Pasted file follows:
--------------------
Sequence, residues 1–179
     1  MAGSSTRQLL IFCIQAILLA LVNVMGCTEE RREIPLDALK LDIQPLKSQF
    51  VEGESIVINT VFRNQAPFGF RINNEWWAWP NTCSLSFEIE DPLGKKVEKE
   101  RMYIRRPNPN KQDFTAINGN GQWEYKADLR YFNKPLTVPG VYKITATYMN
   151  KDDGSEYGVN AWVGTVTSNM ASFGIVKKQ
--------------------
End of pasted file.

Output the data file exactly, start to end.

Sequence, residues 1–179
     1  MAGSSTRQLL IFCIQAILLA LVNVMGCTEE RREIPLDALK LDIQPLKSQF
    51  VEGESIVINT VFRNQAPFGF RINNEWWAWP NTCSLSFEIE DPLGKKVEKE
   101  RMYIRRPNPN KQDFTAINGN GQWEYKADLR YFNKPLTVPG VYKITATYMN
   151  KDDGSEYGVN AWVGTVTSNM ASFGIVKKQ